Delta adds a second eclipse flight for April 8

If you missed your chance last week at a seat on Delta Air Lines’ solar eclipse flight, you may want to head right back to the airline’s booking site.

Delta just announced a second flight for April 8, also meant to maximize passengers’ time within the path of totality. And this time, it’s using a bigger plane.

Delta on Monday announced the addition of flight 1010 to its April 8 schedule.

It will depart Dallas Fort Worth International Airport (DFW) at 12:30 p.m. CDT on the day of the eclipse, with arrival scheduled for 4:20 p.m. EDT at Detroit Wayne County Metropolitan Airport (DTW).

One week ago, the Atlanta-based carrier announced a similar flight from Austin Bergstrom International Airport (AUS) to Detroit. Seats sold out within 24 hours, and Delta reported an eye-popping 1,500% increase in AUS-DTW flight searches on the airline’s booking channels.

Now, it’s giving travelers a second chance to see the eclipse from 30,000 feet. This should be a remarkable spectacle as the moon passes between the sun and Earth, blocking the sun’s face.

There are 31 million Americans set to witness the phenomenon, with even more planning trips to see the event on April 8 — the last of its kind in North America until 2044.

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A larger aircraft for this flight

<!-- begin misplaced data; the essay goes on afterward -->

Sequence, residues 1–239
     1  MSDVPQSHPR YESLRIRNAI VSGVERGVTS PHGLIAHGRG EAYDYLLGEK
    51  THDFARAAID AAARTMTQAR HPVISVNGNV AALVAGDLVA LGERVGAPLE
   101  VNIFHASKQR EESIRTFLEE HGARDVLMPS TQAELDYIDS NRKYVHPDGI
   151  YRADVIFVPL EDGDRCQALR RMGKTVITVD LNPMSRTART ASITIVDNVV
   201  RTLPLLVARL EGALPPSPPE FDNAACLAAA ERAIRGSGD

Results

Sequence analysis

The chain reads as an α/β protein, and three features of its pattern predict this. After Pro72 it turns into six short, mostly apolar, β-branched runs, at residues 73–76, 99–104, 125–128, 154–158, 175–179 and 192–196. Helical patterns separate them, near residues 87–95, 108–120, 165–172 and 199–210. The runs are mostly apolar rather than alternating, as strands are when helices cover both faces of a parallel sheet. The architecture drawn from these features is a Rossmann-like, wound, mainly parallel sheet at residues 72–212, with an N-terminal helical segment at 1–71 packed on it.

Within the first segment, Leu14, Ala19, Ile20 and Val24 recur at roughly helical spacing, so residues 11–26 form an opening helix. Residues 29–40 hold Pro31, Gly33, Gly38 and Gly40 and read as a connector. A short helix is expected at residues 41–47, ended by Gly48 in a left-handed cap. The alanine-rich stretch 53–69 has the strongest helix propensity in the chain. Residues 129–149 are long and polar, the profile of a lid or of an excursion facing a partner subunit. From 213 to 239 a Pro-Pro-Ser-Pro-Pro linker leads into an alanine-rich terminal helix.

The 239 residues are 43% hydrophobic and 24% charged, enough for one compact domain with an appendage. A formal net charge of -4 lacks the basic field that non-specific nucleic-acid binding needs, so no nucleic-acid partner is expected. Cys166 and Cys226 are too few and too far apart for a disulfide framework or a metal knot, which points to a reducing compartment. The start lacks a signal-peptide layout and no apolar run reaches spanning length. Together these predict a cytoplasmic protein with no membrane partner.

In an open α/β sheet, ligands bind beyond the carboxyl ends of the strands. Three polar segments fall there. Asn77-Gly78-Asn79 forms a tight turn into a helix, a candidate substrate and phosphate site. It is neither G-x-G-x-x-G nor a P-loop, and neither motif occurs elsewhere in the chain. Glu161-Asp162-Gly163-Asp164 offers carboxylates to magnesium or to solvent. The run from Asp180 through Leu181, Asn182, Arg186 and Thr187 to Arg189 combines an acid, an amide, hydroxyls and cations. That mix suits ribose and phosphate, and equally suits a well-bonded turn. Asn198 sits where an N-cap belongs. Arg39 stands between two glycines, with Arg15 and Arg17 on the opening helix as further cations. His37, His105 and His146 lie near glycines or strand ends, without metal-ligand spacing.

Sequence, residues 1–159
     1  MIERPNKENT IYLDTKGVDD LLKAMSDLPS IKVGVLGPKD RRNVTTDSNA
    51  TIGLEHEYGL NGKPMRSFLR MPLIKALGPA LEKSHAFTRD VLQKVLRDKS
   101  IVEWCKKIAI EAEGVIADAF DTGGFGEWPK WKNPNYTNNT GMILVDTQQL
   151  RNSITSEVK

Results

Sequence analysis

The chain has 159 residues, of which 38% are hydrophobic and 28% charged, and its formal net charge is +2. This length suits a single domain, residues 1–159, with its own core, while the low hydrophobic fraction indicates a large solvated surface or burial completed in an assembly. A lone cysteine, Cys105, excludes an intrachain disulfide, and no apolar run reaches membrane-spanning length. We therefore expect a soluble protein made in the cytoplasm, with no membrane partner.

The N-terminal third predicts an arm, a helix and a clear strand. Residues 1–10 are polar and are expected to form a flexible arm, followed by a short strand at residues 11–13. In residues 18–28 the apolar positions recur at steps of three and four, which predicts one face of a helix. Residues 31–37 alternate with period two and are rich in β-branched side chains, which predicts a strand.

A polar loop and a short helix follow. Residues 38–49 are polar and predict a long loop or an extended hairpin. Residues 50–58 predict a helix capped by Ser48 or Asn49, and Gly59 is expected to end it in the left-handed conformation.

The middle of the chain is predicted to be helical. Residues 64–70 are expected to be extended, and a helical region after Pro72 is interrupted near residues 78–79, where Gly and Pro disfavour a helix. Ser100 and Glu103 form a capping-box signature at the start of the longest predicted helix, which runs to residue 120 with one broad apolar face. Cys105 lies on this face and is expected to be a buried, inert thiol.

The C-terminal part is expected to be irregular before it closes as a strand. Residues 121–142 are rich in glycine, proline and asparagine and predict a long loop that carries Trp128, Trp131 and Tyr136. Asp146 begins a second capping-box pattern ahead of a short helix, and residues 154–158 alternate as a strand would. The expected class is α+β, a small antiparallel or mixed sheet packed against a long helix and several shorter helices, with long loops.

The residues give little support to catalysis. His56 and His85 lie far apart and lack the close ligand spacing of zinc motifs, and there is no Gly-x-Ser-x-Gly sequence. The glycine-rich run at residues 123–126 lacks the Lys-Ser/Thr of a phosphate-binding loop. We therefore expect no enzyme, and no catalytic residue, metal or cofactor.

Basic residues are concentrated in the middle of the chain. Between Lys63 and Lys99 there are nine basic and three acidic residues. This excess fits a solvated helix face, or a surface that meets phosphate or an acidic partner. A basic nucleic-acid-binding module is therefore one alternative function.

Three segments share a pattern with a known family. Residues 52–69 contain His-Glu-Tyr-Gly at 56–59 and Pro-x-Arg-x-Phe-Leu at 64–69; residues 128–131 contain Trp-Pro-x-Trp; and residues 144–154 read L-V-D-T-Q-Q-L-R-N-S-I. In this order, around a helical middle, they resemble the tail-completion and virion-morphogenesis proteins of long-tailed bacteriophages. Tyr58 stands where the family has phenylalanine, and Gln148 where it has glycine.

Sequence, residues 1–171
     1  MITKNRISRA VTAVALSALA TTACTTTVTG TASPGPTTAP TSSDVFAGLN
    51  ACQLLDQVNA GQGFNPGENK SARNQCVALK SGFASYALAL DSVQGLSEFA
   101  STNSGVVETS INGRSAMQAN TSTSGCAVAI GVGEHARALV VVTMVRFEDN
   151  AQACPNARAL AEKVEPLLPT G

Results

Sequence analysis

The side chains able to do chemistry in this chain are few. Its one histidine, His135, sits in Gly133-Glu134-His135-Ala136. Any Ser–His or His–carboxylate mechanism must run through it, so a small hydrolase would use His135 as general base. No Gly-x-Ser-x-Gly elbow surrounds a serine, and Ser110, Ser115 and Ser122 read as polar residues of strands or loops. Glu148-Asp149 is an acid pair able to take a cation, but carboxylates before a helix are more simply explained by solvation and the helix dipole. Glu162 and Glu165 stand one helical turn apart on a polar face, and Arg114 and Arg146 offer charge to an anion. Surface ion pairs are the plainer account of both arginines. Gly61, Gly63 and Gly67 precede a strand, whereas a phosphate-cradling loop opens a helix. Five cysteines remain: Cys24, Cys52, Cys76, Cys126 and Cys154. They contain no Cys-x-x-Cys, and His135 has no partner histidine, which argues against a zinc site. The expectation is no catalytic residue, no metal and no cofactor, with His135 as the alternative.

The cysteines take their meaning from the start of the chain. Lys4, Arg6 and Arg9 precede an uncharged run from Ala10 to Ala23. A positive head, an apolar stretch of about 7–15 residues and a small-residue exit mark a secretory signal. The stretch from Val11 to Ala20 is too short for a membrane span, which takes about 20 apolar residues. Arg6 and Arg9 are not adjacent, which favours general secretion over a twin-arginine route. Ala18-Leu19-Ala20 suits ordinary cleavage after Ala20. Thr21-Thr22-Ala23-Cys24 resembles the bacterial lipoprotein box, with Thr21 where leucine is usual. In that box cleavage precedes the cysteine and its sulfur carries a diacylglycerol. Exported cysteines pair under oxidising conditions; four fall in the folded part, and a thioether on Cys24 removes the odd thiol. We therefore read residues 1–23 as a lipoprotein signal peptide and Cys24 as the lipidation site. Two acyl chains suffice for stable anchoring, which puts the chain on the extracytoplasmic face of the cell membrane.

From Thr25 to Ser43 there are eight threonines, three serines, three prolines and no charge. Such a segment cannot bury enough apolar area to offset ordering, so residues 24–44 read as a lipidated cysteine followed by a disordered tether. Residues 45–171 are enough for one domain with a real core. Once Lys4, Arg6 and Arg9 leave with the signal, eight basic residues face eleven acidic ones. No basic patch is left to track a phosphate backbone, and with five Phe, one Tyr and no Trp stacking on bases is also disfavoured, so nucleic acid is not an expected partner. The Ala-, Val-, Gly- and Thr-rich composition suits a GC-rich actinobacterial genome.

After the 130 seats on the first eclipse flight Delta announced sold out, the carrier is back with a larger jet for this flight.

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Delta will operate an Airbus A321neo aircraft for DL1010 from DFW to Detroit.

A Delta A321neo at Boston Logan International Airport (BOS). DELTA AIR LINES

The aircraft features 194 seats, including 20 domestic first-class recliners, 42 Comfort+ seats and 132 seats in the main cabin.

That’s nearly a 50% increase in overall capacity versus the A220-300 Delta is flying from Austin to Detroit for its other “path of totality flight.”

Related: The best hotel packages for the 2024 solar eclipse

How much does Delta’s eclipse flight cost?

Delta’s eclipse flight from DFW to Detroit won’t come cheap. Main cabin prices start at $739 one-way.

For a Comfort+ seat, you’ll pay $809. A first-class seat costs $1,150.


Hoping to use SkyMiles?

A main cabin ticket starts at 68,000 miles, one-way.


It’s certainly more than you’d typically pay for a one-way domestic ticket. However, if a flight along the eclipse path is a bucket list-worthy experience for you, an award ticket is certainly an option — especially if you have a stash of SkyMiles or points thanks to a Delta and/or American Express credit card.

Seats likely will go fast

If last week was any indication, seats on this flight will likely go fast.

If you’re even considering trying to get a seat on this flight, book it now. Keep in mind, U.S. Department of Transportation rules allow you to cancel a ticket within 24 hours of purchasing it and still get a refund.

Plus, you can typically cancel a Delta main cabin ticket and at least retain flight credit for a future trip, as you usually have the flexibility to cancel award tickets and get your miles (plus taxes and fees) back.

Because the seats likely won’t last long, you’ll need to act quickly.

Related: Best solar eclipse cruises for 2024 and beyond

Bottom line

After immense interest in Delta’s first path of total flight unveiled for the April 8 solar eclipse, the airline is adding a second flight with a bigger aircraft.

As with any flight, there is always the chance factors like weather, maintenance or air traffic control could cause a disruption that might hurt passengers’ view of the eclipse.

But if all goes according to plan, it figures to be a memorable experience for travelers who can land a seat.

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